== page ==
Nothing feels sensationalized. Even murder is treated in a coldly matter of fact manner as a practical problem as much as a moral one. You have to kill a man, but you can't use a gun because the walls are paper-thin and it will alert the neighbors. What do you do? How do you rationalize killing a friend? And at what cost? All become more disturbing because they feel all-too real.
Some of the special effects are primitive even for their day, but it doesn't matter: you forgive them because you buy into the characters and the reality of their situation absolutely. And although the London sequences have problems, not least the embarrassingly Christ-like approach to filming De Gaulle, they are an interesting inversion of the French scenes. Here the war is fought noisily and openly with air raids and burning buildings, yet the traditionally repressed British still let their hair down - something Gerbier (Lino Ventura), having lived in secret for so long, cannot. He is left alone at the door to a pub, unable to join in, quietly leaving before anyone even notices him. In France, the war is fought in silence and in shadows, and it is the French who repress their every emotion. One character is even unable to confide in his own brother, completely unaware that his sibling is actually the head of his resistance group.
Even the smallest characters are splendidly drawn, from the gendarme accompanying Gerbier to the prison camp to Serge Reggiani's great matter-of-fact cameo as a barber who displays Vichy posters but holds De Gaullist sympathies. The film is so well cast that you believe in these people on sight. But quietly towering over them all is Ventura in his best performance, with a warmth that is not overt but still there, as well as a weakness - his shame at running at the behest of a sadistic German officer is all too convincing. Indeed, for all the undoubted right of their cause, the unifying feature of the main characters is their growing sense of shame.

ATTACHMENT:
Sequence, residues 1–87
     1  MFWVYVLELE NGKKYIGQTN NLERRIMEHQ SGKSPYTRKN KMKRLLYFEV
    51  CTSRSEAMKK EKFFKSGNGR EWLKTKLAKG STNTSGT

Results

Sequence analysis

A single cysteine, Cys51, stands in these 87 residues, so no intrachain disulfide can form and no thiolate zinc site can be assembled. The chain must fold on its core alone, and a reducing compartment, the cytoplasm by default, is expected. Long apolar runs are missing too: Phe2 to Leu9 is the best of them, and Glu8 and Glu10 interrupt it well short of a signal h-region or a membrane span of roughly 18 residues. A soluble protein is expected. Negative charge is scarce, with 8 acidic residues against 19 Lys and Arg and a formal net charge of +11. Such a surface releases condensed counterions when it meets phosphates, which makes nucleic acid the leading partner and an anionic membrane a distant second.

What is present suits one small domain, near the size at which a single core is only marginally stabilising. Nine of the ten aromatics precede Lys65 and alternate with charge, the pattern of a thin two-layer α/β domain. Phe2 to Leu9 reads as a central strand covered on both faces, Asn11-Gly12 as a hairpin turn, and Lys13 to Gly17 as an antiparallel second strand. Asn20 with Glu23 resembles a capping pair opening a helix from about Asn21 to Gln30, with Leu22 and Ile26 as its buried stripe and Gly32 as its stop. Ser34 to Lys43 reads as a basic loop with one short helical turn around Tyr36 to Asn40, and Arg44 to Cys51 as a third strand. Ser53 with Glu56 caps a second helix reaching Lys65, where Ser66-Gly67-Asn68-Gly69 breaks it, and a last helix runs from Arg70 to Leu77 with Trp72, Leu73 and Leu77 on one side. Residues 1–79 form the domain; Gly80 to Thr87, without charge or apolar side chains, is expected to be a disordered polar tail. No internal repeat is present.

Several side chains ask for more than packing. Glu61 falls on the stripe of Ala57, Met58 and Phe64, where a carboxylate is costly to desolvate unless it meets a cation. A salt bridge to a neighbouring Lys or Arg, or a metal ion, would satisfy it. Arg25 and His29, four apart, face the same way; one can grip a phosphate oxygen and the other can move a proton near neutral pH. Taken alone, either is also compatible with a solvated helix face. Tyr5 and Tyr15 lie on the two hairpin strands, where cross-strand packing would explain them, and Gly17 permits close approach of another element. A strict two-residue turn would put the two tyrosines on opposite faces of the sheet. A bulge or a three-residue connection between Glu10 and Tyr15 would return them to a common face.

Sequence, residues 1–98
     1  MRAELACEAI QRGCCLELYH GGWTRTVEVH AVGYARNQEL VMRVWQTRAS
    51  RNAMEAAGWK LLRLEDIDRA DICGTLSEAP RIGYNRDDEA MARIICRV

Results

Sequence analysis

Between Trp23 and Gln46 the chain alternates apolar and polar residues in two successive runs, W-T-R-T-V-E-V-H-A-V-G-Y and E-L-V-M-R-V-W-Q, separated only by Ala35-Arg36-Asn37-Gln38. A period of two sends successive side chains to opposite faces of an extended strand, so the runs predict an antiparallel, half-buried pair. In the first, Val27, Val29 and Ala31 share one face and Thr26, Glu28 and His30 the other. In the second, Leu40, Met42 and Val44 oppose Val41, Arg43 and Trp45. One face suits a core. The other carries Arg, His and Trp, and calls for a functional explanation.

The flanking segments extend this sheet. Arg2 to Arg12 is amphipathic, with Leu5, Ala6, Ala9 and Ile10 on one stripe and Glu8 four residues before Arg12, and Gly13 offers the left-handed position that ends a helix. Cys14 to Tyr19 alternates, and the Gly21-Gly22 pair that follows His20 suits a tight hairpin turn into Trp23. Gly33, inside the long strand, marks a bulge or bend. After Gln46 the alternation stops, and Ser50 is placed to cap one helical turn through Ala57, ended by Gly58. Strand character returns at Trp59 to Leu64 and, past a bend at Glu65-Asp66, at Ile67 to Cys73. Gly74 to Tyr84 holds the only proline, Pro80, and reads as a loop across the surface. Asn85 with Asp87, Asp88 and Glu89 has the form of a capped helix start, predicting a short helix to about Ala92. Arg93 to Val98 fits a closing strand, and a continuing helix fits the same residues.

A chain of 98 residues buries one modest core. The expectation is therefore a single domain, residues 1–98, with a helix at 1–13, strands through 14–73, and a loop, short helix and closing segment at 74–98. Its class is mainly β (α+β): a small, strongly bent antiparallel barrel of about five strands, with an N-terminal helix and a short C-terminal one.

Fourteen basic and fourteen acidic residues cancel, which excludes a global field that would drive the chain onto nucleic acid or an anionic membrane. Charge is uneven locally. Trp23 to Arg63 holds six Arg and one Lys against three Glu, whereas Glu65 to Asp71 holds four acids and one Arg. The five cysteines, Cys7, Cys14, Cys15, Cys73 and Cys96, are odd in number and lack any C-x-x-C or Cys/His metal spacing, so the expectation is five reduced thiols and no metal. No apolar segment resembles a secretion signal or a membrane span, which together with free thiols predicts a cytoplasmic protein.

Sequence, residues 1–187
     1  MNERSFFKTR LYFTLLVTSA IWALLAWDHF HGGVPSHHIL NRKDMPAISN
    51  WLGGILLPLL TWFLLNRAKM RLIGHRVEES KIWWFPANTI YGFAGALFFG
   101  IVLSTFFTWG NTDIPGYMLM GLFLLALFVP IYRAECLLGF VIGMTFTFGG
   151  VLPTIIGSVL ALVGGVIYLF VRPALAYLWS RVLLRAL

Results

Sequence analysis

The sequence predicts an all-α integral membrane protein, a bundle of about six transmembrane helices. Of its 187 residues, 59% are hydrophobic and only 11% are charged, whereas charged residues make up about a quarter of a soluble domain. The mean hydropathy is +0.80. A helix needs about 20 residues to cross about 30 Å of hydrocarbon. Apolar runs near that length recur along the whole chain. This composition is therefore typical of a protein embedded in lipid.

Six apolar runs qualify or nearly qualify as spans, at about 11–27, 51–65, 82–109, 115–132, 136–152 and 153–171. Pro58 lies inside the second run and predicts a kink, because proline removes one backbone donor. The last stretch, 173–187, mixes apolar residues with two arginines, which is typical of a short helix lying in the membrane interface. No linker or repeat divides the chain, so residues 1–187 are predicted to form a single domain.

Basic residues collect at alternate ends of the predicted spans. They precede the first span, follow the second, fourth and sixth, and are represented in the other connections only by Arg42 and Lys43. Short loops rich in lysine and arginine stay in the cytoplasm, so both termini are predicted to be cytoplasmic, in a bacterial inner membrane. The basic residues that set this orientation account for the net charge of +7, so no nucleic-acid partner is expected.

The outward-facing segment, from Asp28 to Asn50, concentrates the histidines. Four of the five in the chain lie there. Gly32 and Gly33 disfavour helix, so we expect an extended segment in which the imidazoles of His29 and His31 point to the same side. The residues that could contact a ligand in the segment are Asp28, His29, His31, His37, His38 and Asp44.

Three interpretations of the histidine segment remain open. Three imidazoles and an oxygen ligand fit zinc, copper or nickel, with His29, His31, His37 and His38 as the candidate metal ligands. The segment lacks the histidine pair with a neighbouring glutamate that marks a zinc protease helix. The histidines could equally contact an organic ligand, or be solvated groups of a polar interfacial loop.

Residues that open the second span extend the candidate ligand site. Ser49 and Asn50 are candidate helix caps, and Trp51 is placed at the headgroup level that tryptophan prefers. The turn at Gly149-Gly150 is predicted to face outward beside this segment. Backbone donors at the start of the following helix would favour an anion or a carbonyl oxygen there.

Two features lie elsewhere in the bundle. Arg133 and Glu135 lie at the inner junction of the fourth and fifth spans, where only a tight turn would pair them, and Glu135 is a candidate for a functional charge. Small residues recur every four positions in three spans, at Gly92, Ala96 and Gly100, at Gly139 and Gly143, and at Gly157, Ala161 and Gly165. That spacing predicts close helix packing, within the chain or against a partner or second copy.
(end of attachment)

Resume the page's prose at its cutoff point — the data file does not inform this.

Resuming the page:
Sobering, powerful and very moving - with the only one of Melville's pre-destined endings that is, offering no resolution, only damnation and the promise of death - L'Armee des Ombres is a genuine tragedy.
The extras on Criterion's 2-disc set are both plentiful and superb, covering both the film and the real resistance and include everything found on the French disc (30-minute documentary, the original French trailer) and the UK disc (audio commentary by Ginette Vincendeau, WW2 documentary on the resistance, TV excerpt of Melville directing the opening sequence, a booklet reprinting a lengthy part of the long out-of-print Melville on Melville on the film), as well as many more unique to the set, from interviews with the cinematographer and editor, a French documentary interviewing real members of the resistance and a TV interview with Simone Signoret and Lucie Aubrac, one of the inspirations for her character. A superb disc of a film that's finally gaining the recognition it always deserved.